Updated Feb. 22, 2:55 p.m. ET
NEW YORK -- The super PACs have a new king, for the moment -- Texas tycoon Harold Simmons, according to a CBS News review of Federal Election Commission records.
Simmons and his company, Contran, gave another $5.6 million to super PACs last month, highlighted by his $5 million to "American Crossroads," the Karl Rove-founded, all-Republican backing group that is mostly sitting on its money.
Combined with his 2011 giving of $8.5 million, Simmons has donated at least $14.1 million to super PACs this campaign season, the latest fundraising disclosure reports to FEC show. That makes the Dallas billionaire currently the nation's largest super PAC donor. "American Crossroads" has received $12 million from Simmons, or 85 percent of his donations.
Simmons, who also gave six-figures to the pro-Gingrich, pro-Romney, and pro-Perry super PACs, is no stranger to Republican politics. Most notable was his $3 million in 2004 to the Swift Boat Veterans for Truth, which produced ads doubting the Vietnam War record of Democratic presidential nominee John Kerry.Continue »
UPDATED 3:39 p.m. ET
Former House Speaker Newt Gingrich's faltering campaign is expected to get another shot in the arm, CBS News has learned.
Billionaire casino magnate Sheldon Adelson plans to give another $10 million to the outside group backing the former Georgia lawmaker who is running behind former Massachusetts Gov. Mitt Romney and former Pennsylvania Sen. Rick Santorum in the race for the Republican presidential nomination, a source close to Adelson told CBS News.Continue »
NEW YORK - Foster Friess, a 71-year-old Wyoming-based investor and philanthropist who has given $2.5 million to Republicans over the past two decades, is Rick Santorum's ace in the hole.
Friess has been the biggest donor disclosed by the Super PAC supporting Santorum's run for the Republican presidential nomination, the Red White and Blue Fund (RWB).Continue »
As super PAC filings pour into the Federal Election Committee (FEC) on Tuesday, it's clear that the people filing them are savvy about getting around disclosure requirements. Several left-leaning super PACs have raised a significant amount of money without listing the individual names of any of their donors.
This is the new norm, now that the Supreme Court's 2010 Citizens United decision allows unlimited contributions from unions and corporations, as well as individuals, as long as they do not coordinate with the candidate they support. They have collectively spent more than $44 million during Campaign 2012, according to the Center for Responsive Politics.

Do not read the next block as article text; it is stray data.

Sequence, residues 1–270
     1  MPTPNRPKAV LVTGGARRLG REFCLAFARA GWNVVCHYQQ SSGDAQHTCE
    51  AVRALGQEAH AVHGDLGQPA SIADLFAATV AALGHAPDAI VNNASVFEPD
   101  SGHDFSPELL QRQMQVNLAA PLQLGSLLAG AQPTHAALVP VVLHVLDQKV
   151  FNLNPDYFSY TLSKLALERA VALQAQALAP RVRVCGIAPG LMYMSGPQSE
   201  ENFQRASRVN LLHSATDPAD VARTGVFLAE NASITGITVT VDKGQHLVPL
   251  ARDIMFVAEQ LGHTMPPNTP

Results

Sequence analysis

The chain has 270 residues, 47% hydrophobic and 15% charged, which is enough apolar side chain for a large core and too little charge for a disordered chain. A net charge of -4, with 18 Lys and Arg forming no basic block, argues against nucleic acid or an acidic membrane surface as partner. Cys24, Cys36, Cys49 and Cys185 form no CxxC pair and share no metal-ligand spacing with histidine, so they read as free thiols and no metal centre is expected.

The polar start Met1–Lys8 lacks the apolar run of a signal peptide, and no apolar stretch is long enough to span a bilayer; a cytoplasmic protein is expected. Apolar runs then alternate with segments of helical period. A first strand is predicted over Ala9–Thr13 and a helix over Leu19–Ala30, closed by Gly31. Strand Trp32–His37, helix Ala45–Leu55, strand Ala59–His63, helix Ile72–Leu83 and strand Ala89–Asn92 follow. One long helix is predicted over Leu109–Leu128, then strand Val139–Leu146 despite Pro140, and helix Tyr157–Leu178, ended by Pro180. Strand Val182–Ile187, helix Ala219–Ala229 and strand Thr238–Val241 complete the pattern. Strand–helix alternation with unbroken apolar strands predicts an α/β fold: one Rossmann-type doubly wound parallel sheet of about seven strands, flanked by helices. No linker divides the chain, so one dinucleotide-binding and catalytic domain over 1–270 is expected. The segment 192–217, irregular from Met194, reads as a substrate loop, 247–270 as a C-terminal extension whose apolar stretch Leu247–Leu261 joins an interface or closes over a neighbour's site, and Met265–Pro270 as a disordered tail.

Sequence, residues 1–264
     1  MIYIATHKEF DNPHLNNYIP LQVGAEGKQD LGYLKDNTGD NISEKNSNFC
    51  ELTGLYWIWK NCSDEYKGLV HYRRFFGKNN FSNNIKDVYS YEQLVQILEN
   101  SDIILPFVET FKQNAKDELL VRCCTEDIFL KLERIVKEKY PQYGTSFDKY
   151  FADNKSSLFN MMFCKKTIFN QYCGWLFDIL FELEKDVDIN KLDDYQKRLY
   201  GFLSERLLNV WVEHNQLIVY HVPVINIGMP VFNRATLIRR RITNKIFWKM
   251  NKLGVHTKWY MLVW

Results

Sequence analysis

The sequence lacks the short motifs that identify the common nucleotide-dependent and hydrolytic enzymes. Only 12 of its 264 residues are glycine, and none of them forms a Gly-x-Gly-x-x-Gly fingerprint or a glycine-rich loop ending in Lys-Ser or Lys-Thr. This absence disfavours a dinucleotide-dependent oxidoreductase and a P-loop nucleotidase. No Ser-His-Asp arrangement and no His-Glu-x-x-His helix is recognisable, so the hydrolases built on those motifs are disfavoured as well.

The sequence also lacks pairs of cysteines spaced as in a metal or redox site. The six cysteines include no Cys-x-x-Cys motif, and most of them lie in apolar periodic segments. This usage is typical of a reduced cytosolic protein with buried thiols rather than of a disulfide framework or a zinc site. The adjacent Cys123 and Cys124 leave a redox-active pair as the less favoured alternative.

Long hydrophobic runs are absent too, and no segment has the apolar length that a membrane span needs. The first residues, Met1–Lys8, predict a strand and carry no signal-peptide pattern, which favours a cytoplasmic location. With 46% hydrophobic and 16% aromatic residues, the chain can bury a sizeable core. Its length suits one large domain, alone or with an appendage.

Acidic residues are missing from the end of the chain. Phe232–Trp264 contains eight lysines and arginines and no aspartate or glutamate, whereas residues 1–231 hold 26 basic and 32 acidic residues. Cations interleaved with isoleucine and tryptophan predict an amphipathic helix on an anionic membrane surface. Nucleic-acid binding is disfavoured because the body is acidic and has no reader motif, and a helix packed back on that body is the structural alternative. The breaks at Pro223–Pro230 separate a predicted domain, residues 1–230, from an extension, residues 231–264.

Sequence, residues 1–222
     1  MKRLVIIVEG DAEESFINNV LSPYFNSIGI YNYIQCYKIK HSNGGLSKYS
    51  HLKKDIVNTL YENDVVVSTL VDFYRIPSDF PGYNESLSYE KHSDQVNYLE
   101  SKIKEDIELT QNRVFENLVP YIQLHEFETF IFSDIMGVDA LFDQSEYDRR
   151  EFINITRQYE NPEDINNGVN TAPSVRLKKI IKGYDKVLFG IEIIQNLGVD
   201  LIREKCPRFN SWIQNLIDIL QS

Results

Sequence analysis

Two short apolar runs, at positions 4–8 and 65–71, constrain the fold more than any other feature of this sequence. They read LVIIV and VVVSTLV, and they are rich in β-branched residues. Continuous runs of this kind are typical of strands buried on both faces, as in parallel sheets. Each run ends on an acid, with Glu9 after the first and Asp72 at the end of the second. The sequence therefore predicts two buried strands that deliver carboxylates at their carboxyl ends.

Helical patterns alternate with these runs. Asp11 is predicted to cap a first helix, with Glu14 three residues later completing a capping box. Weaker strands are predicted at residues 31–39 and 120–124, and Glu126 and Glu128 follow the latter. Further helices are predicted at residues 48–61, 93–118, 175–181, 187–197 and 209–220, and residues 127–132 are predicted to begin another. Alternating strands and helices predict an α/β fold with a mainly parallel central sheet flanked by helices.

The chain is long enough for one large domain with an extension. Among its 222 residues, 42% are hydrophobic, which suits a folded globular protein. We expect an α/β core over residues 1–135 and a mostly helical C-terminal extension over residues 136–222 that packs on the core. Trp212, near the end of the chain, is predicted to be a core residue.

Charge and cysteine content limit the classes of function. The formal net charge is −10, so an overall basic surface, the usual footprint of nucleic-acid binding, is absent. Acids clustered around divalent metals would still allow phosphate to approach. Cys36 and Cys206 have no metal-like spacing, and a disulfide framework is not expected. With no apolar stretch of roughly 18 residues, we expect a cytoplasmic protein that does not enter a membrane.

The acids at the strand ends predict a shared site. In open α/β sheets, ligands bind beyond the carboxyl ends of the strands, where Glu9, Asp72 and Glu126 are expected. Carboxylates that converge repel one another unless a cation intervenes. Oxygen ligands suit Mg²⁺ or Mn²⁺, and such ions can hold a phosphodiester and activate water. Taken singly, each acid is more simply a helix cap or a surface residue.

For example, the AFL-CIO super PAC received $2.2 million from... the AFL-CIO; the super PAC provided no breakdown of who gave the original money to the union. The union's super PAC also got $500,000 from each of the following unions: American Federation of Teachers, Unite Here Tip State and Local Fund, and the American Federation of State, County and Municipal Employees.Continue »
NEW YORK -- Today is the day the curtain is being drawn back on the "super PACs" spending unprecedented money on the presidential stage.
Super PACs, the independent political action committees formed to benefit a single candidate, are disclosing their 2011 end-of-year totals for both fundraising and spending, activities they can pursue without limits, as long as they are not coordinated with the candidates. The super PACs have collectively spent more than $44 million during Campaign 2012, according to the Center for Responsive Politics.
Of the 277 active super PACs registered with the Federal Election Commission, the one whose report that will perhaps bear the most scrutiny is that of the pro-Mitt Romney group "Restore Our Future." Disclosures already made to the FEC reveal that super PAC has spent $17 million -- primarily on TV advertisements attacking his leading rival for the Republican nomination, former House Speaker Newt Gingrich. In its previous required FEC filing six months ago, Restore Our Future reported raising $12.2 million through June 2011. It did not spend significant sums until it blitzed the Iowa airwaves starting in late December with a slew of anti-Gingrich ads.
The former Massachusetts governor's actual campaign had spent more than the super PAC -- $29 million -- before the primaries in South Carolina and Florida, where it has dumped millions more. The campaign raised $56 million in 2011 and had $19 million cash-on-hand, it announced on January 11.Liberal super PACs exploit loophole to keep donors unknown Continue »
CBS News has confirmed that the wife of casino magnate Sheldon Adelson, Dr. Miriam Adelson, has given $5 million to a super PAC called Winning Our Future that is supporting former House Speaker Newt Gingrich.
This donation brings the total for the Adelson couple to the Gingrich super PAC to $10 million. This also makes them the largest donor to date in the 2012 presidential campaign. The second largest known donor so far is a $2 million donation last year to President Obama's super PAC by Dreamworks executive Jeffrey Katzenberg.